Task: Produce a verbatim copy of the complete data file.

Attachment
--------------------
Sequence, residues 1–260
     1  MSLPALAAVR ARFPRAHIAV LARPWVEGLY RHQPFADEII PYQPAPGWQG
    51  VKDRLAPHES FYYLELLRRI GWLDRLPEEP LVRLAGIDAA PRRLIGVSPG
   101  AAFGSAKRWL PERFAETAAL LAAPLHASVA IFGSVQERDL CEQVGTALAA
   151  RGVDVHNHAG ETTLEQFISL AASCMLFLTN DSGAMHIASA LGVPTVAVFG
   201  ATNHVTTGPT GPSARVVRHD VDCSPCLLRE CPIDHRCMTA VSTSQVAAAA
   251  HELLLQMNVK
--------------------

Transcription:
Sequence, residues 1–260
     1  MSLPALAAVR ARFPRAHIAV LARPWVEGLY RHQPFADEII PYQPAPGWQG
    51  VKDRLAPHES FYYLELLRRI GWLDRLPEEP LVRLAGIDAA PRRLIGVSPG
   101  AAFGSAKRWL PERFAETAAL LAAPLHASVA IFGSVQERDL CEQVGTALAA
   151  RGVDVHNHAG ETTLEQFISL AASCMLFLTN DSGAMHIASA LGVPTVAVFG
   201  ATNHVTTGPT GPSARVVRHD VDCSPCLLRE CPIDHRCMTA VSTSQVAAAA
   251  HELLLQMNVK